This option enables a completely different checksum strategy for a consistent, lock-free checksum across a master and its slaves. Instead of running the checksum queries on each server, you run them only on the master. You specify a table, fully qualified in db.table format, to insert the results into. The checksum queries will insert directly into the table, so they will be replicated through the binlog to the slaves.
When the queries are finished replicating, you can run a simple query on each slave to see which tables have differences from the master. With the “–replicate-check” option, pt-table-checksum can run the query for you to make it even easier. See “CONSISTENT CHECKSUMS” for details.
If you find tables that have differences, you can use the chunk boundaries in a WHERE clause with pt-table-sync to help repair them more efficiently. See pt-table-sync for details.
The table must have at least these columns: db, tbl, chunk, boundaries, this_crc, master_crc, this_cnt, master_cnt. The table may be named anything you wish. Here is a suggested table structure, which is automatically used for “–create-replicate-table” (MAGIC_create_replicate):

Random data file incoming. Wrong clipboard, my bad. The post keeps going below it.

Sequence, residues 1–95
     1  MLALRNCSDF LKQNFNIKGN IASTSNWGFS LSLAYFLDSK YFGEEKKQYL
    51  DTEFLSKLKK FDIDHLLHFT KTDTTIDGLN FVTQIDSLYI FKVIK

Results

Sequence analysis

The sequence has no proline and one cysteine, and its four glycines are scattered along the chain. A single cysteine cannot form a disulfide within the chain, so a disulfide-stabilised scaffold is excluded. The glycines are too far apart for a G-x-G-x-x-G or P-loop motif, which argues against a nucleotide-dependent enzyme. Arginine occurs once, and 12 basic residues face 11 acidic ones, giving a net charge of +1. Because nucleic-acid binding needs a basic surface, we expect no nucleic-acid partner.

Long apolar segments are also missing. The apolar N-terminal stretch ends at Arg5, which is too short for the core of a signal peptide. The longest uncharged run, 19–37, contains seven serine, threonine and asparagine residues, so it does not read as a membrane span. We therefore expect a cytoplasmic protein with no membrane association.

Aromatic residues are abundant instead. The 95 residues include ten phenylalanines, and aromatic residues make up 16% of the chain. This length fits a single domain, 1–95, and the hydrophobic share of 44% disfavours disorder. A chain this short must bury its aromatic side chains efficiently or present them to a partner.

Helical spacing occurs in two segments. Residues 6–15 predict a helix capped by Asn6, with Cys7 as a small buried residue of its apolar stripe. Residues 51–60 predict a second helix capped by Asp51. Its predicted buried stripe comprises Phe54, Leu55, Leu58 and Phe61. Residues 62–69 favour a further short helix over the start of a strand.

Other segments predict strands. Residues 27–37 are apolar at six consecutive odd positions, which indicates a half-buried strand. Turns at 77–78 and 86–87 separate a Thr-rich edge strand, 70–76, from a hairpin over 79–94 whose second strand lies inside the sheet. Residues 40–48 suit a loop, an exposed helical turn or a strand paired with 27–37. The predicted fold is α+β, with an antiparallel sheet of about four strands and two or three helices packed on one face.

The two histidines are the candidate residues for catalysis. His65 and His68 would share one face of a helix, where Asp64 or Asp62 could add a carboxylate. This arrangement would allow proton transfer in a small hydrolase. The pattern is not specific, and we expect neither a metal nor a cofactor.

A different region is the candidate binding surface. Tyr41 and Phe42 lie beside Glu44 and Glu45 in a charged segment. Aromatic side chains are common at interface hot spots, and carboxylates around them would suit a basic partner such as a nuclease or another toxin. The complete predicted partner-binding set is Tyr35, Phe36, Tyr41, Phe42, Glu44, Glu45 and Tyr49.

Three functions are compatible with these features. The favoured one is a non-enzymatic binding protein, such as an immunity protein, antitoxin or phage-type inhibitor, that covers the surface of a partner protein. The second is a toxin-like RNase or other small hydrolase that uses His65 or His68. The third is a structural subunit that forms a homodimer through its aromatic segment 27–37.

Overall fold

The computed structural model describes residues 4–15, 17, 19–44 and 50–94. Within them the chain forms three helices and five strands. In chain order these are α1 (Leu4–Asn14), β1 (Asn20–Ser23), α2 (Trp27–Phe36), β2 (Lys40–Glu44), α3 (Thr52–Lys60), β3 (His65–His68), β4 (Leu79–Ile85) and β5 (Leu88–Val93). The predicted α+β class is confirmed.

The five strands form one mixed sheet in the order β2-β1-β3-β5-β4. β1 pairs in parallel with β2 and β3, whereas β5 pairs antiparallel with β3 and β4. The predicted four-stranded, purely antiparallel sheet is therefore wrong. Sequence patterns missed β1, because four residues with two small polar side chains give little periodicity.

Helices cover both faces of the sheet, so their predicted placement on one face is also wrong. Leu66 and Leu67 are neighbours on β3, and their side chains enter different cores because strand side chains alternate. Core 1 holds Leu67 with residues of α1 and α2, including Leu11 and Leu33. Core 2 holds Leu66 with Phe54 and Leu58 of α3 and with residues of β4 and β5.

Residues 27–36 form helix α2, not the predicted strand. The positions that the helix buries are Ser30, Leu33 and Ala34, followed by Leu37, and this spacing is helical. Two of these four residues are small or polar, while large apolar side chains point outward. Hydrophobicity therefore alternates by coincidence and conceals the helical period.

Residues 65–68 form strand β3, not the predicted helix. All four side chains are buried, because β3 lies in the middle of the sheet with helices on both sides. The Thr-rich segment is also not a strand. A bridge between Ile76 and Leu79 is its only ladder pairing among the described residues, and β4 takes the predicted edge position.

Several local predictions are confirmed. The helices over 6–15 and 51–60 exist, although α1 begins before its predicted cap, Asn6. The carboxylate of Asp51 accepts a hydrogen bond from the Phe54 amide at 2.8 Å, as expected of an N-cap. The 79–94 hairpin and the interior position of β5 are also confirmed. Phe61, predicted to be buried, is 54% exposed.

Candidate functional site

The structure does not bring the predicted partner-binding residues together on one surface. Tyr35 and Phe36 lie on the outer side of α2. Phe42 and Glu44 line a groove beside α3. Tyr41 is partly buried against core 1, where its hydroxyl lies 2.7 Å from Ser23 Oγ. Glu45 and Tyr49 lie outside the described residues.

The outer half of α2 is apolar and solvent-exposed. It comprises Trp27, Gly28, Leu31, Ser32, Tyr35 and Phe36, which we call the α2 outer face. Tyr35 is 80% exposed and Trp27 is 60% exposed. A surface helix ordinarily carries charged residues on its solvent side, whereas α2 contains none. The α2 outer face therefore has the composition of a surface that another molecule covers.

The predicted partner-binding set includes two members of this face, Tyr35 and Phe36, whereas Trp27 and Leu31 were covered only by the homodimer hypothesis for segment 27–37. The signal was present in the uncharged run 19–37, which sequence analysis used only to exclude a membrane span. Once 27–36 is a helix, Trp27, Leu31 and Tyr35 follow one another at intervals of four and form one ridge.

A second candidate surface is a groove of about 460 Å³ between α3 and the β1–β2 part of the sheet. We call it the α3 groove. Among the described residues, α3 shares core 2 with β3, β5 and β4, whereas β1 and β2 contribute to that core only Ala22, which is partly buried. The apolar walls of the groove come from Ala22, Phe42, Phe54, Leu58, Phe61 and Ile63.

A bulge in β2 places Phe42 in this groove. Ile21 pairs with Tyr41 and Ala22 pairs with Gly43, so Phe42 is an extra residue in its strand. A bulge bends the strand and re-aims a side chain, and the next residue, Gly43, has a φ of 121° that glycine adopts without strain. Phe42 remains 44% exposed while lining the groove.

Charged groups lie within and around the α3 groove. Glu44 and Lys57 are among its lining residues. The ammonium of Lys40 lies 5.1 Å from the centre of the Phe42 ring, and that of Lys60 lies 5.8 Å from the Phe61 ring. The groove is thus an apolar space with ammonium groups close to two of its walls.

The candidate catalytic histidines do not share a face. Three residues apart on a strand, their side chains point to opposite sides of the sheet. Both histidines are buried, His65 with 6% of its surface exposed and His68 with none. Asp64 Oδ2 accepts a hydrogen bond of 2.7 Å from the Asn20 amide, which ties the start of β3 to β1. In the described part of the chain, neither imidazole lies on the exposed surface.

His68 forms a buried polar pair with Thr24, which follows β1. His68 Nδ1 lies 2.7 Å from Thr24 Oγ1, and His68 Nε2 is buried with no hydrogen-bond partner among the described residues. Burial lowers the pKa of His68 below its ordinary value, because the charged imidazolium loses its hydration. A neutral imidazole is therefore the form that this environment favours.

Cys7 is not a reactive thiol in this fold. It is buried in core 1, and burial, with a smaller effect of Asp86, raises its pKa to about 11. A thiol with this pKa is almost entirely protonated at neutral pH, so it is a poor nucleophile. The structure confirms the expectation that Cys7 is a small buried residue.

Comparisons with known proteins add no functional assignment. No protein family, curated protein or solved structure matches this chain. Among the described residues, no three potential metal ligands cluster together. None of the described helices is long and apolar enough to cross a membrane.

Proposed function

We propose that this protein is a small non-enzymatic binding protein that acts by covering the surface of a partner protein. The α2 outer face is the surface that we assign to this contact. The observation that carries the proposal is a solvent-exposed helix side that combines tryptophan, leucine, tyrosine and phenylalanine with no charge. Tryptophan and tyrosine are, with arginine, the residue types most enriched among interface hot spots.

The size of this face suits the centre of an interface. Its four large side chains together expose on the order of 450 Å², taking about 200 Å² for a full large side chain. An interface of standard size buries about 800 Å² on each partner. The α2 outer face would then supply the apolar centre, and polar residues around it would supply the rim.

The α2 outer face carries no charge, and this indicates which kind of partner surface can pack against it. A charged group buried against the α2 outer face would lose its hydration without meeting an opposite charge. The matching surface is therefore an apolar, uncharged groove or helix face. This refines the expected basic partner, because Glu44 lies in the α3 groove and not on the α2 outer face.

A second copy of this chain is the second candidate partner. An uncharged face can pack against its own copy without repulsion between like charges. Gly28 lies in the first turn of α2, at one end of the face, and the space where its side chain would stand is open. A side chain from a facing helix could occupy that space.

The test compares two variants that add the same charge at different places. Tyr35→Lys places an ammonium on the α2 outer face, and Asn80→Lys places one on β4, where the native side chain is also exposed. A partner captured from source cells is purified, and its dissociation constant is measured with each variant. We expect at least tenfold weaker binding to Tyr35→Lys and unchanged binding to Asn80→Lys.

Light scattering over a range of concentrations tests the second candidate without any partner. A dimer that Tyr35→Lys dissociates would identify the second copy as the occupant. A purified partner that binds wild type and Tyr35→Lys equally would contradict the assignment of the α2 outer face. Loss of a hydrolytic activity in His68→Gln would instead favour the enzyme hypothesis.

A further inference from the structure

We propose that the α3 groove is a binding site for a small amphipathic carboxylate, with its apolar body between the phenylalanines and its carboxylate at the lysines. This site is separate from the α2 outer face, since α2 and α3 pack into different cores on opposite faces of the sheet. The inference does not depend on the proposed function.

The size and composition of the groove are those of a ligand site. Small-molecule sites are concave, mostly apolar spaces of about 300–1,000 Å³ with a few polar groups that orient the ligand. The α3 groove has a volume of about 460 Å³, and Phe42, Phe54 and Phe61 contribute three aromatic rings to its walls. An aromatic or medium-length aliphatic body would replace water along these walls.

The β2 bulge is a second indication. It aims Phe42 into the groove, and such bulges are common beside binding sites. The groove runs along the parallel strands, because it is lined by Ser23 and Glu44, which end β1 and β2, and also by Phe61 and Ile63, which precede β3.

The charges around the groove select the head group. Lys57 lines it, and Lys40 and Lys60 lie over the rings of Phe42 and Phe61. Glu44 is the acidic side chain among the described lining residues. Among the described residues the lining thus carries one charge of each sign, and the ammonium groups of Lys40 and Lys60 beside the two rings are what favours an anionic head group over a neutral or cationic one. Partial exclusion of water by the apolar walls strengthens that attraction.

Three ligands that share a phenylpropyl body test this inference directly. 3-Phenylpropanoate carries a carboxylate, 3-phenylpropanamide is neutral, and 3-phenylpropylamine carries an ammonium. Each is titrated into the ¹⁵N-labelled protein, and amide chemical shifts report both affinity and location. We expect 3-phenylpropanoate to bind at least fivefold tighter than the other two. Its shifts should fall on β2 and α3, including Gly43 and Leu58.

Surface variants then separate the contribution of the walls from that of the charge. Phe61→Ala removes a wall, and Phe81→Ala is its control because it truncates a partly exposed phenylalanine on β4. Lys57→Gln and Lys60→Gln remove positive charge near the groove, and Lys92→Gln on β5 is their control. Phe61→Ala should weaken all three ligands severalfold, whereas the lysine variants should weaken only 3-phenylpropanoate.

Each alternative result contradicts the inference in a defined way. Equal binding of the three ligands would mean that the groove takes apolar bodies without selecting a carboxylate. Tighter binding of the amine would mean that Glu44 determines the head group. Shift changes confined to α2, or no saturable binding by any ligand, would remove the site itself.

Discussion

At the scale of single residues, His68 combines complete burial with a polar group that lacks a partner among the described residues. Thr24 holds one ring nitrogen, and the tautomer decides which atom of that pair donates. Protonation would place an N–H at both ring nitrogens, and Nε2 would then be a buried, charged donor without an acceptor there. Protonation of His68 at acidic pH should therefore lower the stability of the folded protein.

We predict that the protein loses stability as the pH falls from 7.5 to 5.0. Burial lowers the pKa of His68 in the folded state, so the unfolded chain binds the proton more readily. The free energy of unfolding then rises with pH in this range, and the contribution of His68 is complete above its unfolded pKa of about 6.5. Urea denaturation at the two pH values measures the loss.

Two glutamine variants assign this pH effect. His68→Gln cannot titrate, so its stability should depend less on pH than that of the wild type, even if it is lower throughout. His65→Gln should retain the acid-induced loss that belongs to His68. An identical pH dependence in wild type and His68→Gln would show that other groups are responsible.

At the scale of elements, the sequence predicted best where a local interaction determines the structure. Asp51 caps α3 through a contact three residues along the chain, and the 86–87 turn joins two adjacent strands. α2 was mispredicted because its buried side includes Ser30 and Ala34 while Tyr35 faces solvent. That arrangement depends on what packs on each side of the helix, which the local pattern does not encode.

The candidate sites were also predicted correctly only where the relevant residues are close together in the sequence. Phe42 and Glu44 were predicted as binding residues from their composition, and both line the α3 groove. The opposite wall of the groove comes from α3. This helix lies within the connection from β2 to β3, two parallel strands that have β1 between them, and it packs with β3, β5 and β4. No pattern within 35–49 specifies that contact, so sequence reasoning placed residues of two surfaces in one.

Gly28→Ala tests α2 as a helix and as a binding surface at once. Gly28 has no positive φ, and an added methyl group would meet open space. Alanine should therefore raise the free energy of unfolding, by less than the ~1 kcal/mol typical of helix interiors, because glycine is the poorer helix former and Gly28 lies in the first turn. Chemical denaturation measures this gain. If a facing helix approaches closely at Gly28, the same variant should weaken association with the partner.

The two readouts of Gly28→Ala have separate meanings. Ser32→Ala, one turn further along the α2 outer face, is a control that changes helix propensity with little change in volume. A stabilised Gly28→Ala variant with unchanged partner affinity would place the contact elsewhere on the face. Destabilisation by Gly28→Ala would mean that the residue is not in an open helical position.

CREATE TABLE checksum ( db char(64) NOT NULL, tbl char(64) NOT NULL, chunk int NOT NULL, boundaries char(100) NOT NULL, this_crc char(40) NOT NULL, this_cnt int NOT NULL, master_crc char(40) NULL, master_cnt int NULL, ts timestamp NOT NULL, PRIMARY KEY (db, tbl, chunk) );
Be sure to choose an appropriate storage engine for the checksum table. If you are checksumming InnoDB tables, for instance, a deadlock will break replication if the checksum table is non-transactional, because the transaction will still be written to the binlog. It will then replay without a deadlock on the slave and break replication with “different error on master and slave.” This is not a problem with pt-table-checksum, it’s a problem with MySQL replication, and you can read more about it in the MySQL manual.